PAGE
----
Now, Paul gets a great deal of criticism from people today because he makes no attempt or statement to usurp, disrupt, or otherwise overturn the evil of slavery. In this letter, Paul does not lay out the immorality of Philemon’s engagement with the sinful institution of slavery. Why? Some scholars say that Paul, and others in the early church, may not have been able to imagine a world without slavery.
In the ancient world, slavery was so pervasive that everyone either knew a slave, owned slaves, or was a slave. But the ubiquity of a sin does not mean that the sin does not exist, what’s going on here?
As we read the letter to Philemon we see that Paul has great affection for Onesimus. He says that he has become his father. It is interesting because it seems that Paul is also something of a spiritual father to Philemon as well. It seems that Paul brought Philemon to faith in Jesus Christ, he says, “I say nothing about your owing me even your own self,” which of course is a passive way of saying, “You owe me, you owe me everything because I showed you the path to eternal life.” So being the “father” of both Philemon and Onesimus, Paul urges Philemon to receive the returned Onesimus not as a “slave, but more than a slave, as a brother.”
Here we see that Paul does in fact level a withering criticism and undermining of slavery. His critique though is not general or abstract, it is personal and relational. Paul is not necessarily trying to overthrow the Roman Empire’s slave trade. He’s overthrowing slavery for Philemon and Onesimus!
Paul, through the relationships that have been forged through Jesus Christ, is overturning one of the insidious, debased, and pervasive sinful systems of his day. We see in this letter to Philemon three people in a new relationship because of Jesus Christ, a relationship that moves across the insurmountable barrier of slave and master: “receive him not as a slave, but more than a slave, as a beloved brother.”
We don’t know if Philemon obeyed Paul or not. But we have the letter; and that means that the church, in her wisdom, guided by the Holy Spirit, thinks that what it has to say is worthwhile and is descriptive of what a Christian life should look like. It’s too bad though that we don’t have the next letter from Philemon back to Paul because, as revolutionary as Paul’s command to receive Onesimus as a brother was, it’s in the doing that is most interesting.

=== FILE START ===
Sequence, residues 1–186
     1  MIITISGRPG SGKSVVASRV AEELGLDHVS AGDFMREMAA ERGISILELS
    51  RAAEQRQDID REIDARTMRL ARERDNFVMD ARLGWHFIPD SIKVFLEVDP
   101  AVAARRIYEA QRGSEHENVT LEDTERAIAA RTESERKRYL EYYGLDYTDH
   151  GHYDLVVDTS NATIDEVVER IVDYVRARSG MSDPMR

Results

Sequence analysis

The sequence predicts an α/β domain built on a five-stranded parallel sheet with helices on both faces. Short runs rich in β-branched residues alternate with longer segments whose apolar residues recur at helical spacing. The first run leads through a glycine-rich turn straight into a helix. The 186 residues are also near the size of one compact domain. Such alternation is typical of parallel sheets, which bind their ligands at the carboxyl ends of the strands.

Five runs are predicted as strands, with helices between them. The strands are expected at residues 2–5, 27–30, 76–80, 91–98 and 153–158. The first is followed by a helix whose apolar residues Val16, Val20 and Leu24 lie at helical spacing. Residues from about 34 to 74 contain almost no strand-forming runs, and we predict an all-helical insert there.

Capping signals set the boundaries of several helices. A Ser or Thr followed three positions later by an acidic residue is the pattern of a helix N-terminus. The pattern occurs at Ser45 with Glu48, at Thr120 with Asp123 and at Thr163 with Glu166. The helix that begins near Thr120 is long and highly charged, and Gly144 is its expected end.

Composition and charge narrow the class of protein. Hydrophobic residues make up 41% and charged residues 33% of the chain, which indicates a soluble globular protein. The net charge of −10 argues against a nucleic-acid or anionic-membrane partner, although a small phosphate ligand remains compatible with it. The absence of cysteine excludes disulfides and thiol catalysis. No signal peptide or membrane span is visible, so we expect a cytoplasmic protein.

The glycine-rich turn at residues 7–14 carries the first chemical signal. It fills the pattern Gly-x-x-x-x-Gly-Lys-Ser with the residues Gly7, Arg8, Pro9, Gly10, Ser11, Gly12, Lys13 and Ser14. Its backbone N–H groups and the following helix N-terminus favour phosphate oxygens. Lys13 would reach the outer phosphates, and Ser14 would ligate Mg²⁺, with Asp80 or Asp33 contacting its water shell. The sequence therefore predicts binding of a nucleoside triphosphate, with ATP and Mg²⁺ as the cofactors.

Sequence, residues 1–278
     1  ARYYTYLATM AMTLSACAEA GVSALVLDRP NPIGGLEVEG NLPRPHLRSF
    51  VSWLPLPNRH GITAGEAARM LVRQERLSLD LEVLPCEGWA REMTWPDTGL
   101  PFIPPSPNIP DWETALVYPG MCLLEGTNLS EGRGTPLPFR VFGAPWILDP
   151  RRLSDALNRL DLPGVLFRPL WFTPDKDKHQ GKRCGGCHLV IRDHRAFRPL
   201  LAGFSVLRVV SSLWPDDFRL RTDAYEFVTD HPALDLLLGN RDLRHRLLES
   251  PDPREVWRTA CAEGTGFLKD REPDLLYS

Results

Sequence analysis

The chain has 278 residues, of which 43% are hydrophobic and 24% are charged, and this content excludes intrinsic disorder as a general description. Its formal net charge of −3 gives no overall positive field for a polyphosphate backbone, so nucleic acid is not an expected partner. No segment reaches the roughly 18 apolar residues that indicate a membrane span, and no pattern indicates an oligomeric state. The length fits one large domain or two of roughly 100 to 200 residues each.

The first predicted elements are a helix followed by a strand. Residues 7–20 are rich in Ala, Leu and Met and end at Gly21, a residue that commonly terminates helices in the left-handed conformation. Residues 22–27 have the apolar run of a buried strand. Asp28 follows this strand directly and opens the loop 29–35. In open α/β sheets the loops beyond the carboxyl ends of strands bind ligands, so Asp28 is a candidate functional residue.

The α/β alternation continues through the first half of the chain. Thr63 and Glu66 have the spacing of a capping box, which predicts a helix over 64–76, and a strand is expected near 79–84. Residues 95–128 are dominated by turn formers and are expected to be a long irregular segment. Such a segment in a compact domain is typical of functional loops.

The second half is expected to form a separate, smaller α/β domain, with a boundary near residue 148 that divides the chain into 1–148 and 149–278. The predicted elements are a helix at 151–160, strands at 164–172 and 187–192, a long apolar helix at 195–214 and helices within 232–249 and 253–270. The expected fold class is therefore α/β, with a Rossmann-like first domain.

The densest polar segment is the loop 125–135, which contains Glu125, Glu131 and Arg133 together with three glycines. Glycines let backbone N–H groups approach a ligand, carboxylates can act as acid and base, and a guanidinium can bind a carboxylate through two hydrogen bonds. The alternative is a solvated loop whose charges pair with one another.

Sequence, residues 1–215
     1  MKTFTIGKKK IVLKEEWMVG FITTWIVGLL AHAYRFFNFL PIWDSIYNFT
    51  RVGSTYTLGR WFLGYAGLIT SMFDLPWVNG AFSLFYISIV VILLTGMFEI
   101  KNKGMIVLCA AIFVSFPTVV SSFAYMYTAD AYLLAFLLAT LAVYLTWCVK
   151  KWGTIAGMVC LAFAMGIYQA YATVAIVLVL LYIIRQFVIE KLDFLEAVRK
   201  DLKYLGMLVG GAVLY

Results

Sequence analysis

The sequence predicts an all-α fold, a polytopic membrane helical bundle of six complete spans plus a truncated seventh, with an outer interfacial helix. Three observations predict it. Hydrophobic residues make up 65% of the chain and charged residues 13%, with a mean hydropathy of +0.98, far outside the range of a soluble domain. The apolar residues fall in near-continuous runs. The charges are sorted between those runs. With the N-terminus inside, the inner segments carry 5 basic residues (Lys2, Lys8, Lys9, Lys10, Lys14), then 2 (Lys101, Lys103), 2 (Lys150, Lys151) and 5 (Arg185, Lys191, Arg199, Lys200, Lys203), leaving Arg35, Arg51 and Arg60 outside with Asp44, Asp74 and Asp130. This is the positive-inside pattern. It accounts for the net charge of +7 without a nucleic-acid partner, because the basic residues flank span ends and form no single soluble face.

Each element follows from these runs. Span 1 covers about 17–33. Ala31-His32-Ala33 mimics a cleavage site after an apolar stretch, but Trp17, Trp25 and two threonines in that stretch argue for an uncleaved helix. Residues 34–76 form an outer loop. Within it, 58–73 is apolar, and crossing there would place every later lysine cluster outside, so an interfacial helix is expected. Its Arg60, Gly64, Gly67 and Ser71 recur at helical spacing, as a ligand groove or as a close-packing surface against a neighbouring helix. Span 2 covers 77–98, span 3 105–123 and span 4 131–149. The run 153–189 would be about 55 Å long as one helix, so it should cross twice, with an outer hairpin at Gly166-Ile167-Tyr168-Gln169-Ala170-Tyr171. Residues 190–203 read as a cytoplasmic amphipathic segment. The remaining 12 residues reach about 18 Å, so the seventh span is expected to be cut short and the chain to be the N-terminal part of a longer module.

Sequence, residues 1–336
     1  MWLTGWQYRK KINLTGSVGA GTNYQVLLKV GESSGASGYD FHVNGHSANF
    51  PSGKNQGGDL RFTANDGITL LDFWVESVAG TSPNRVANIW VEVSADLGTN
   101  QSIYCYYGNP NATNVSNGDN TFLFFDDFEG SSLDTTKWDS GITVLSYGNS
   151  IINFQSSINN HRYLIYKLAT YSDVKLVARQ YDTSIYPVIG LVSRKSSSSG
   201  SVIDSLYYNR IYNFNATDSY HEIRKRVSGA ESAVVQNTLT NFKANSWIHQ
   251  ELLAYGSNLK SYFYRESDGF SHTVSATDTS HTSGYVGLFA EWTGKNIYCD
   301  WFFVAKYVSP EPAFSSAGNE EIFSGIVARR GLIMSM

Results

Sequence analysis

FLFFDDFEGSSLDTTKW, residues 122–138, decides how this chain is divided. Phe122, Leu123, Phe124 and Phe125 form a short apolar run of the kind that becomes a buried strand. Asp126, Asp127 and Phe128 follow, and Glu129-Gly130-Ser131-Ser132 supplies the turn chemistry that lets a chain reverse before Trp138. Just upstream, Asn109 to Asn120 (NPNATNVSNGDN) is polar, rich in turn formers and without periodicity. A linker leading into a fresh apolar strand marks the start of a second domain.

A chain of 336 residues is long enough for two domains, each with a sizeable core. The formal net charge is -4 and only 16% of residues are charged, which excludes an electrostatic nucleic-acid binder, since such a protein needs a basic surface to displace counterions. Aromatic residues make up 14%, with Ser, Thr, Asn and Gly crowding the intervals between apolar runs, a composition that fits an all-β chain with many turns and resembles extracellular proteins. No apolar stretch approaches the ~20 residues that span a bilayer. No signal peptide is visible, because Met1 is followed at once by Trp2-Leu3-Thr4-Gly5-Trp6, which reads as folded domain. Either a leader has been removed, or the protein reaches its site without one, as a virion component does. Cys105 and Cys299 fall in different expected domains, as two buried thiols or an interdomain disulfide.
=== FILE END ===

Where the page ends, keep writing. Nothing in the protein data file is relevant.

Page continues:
What would that reunion have looked like? “Here comes old ‘Useless,’” as Philemon called Onesimus, “Paul has sent him back, but I don’t like him! Now I have to love him?!” Or, what if Onesimus had in fact run away? Now Paul has sent him back. What’s Onesimus feeling now that he has to return to this slave owner?
Perhaps Philemon is humbled, humiliated and ashamed that his sinfulness in owning another human being has been exposed to Paul. The return, the reconciliation, is the hard part. It is one thing to be loving in the abstract, it’s quite another to be put arms, legs, and hands on our love.
So what about you? What is God calling you to love? What injustice are you called to reconcile in actual action? We need to get specific here, because the abstract is a temptation. Abstraction, keeping things general, is a way to keep loving reconciliation at arm’s length.
Systemic racism for example is something we all need to overcome through reconciliation. But we don’t individually address systemic racism; we find the one small way that we can undermine racism in our own small circle. Yes, fight the systemic sin, but don’t let your epic war replace the small ways you can fight in your own small seemingly insignificant way.
This is why the letter to Philemon deserves a wider reading, because it shows how all of us are born into sinful systems, but we can, through Jesus Christ, find the love necessary to reconcile broken relationships, not in the abstract but in the really real lives we each live.
Thank you God for showing us the path of reconciliation; thank you Paul for showing us one way to love; and thank you Philemon and Onesimus for showing us that broken relationships and great evil can be repaired through the love of Jesus Christ.
No go, and do likewise.